Two calls for post-doctoral research are currently open at my group.
The call for the first one, which will focus on distributed adaptive method for digital energy systems, is available here.
The call for the second one, focusing on online intrusion and anomaly detection for smart grids, is available here.
Our paper titled “GeneaLog: Fine-Grained Data Streaming Provenance at the Edge” has been accepted at the 2018 ACM/IFIP/USENIX International Middleware Conference.
The abstract follows:
Fine-grained data provenance in stream processing allows linking each result tuple back to the source data that contributed to its generation, something beneficial for many big data applications; e.g., in security and safety-related applications, it can help debug analytical queries, thus facilitating the inspection of the conditions triggering an alert. Furthermore, when data transmission or storage has to be minimized, such as in edge computing and cyber-physical systems, it can help to identify which fraction of the source data should be prioritized.
The memory and processing time costs of fine-grained data provenance, which can be afforded by high-end servers, can nonetheless be prohibitive for the resource-constrained devices deployed in edge computing and cyber-physical systems. Motivated by this challenge, we present GeneaLog, a novel fine-grained data provenance technique for data streaming applications. Leveraging the logical dependencies of the data, GeneaLog takes advantage of cross-layer properties of the software stack and incurs a minimal, constant size per-tuple overhead. Furthermore, it allows for a modular and efficient algorithmic implementation using only standard data streaming operators. This is particularly useful for streaming applications distributed at different physical nodes since the provenance processing can be executed at third nodes, orthogonal to the data-processing. We evaluate a full-fledged implementation of GeneaLog using vehicular and smart grid applications, confirming it efficiently captures fine-grained provenance data with minimal overhead.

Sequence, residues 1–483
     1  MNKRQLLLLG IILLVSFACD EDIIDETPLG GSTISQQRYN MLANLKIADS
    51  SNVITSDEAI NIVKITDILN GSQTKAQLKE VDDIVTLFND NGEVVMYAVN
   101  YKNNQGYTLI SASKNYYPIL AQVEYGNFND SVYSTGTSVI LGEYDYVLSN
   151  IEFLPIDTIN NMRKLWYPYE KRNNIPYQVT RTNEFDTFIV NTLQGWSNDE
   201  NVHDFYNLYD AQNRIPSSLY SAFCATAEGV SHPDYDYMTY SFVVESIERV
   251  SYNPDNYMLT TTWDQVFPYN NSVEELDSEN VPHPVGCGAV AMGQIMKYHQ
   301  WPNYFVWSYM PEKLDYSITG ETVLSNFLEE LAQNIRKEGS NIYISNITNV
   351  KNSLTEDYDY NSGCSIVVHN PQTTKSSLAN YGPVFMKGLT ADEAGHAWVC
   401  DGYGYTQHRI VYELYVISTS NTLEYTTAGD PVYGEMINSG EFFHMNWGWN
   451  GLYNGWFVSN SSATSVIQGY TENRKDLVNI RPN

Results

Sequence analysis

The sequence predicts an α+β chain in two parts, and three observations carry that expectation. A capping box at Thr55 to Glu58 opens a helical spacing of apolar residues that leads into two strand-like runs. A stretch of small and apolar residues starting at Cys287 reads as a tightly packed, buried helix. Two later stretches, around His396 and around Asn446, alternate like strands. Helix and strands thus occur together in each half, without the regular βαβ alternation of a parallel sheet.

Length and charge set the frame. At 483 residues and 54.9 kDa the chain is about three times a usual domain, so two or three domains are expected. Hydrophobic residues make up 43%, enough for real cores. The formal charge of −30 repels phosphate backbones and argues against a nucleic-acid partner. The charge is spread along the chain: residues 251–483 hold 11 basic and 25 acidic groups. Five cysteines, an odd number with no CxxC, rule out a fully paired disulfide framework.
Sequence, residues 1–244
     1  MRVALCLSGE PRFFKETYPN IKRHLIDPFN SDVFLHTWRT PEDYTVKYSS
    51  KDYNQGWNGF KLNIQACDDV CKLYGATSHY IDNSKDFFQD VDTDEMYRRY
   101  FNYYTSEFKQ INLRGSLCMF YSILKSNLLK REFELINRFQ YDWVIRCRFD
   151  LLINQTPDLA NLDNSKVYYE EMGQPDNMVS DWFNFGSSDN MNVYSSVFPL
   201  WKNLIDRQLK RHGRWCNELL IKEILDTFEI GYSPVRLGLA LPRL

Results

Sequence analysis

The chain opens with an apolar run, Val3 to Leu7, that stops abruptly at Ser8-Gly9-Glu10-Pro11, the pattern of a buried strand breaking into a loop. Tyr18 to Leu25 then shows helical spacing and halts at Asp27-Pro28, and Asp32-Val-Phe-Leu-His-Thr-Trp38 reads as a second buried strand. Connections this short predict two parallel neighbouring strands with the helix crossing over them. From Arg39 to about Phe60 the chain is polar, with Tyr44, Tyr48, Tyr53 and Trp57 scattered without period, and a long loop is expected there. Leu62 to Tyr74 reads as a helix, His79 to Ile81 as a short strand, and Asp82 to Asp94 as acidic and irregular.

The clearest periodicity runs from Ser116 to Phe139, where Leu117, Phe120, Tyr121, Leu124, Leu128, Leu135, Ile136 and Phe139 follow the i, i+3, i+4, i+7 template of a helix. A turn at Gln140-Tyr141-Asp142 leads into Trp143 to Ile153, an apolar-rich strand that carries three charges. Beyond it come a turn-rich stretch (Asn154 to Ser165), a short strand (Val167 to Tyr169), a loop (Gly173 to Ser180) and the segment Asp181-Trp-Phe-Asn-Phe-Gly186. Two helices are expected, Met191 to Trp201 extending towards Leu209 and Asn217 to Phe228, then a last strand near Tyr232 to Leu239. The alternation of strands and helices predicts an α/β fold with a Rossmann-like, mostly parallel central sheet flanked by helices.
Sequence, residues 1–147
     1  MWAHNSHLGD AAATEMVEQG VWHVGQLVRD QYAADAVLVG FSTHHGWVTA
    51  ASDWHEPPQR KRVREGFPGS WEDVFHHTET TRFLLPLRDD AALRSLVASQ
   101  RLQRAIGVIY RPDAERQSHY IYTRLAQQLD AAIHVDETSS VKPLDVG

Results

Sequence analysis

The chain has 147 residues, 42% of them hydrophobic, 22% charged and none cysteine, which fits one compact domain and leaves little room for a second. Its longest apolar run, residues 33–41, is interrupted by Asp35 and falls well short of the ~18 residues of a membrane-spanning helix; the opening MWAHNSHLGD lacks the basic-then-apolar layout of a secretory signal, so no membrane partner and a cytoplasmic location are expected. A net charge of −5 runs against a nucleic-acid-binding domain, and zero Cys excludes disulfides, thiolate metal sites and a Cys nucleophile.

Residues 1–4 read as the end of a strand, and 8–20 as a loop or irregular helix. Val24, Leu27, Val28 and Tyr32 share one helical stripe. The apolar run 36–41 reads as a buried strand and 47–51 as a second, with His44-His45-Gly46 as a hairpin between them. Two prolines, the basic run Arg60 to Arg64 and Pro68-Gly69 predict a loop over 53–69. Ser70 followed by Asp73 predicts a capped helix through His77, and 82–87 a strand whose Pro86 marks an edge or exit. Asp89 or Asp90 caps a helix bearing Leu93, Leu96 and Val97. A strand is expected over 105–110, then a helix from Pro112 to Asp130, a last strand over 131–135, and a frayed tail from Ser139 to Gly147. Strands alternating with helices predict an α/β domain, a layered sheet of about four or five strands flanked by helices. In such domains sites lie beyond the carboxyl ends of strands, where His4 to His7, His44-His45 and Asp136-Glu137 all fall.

Our journal paper titled Viper: A Module for Communication-Layer Determinism and Scaling in Low-Latency Stream Processing has been accepted at the Elsevier journal Future Generation Computer Systems!
The abstract follows:
Stream Processing Engines (SPEs) process continuous streams of data and produce results in a real-time fashion, typically through one-at-a-time tuple analysis. In Fog architectures, the limited resources of the edge devices, enabling close-to-the-source scalable analysis, demand for computationally- and energy-efficient SPEs. When looking into the vital SPE processing properties required from applications, determinism, which ensures consistent results independently of the way the analysis is parallelized, has a strong position besides scalability in throughput and low processing latency. SPEs scale in throughput and latency by relying on shared-nothing parallelism, deploying multiple copies of each operator to which tuples are distributed based on its semantics. The coordination of the asynchronous analysis of parallel operators required to enforce determinism is then carried out by additional dedicated sorting operators. To prevent this costly coordination from becoming a bottleneck, we introduce the Viper communication module, which can be integrated in the SPE communication layer and boost the coordination of the parallel threads analyzing the data. Using Apache Storm and data extracted from the Linear Road benchmark and a real-world smart grid system, we show benefits in the throughput, latency and energy efficiency coming from the utilization of the Viper module.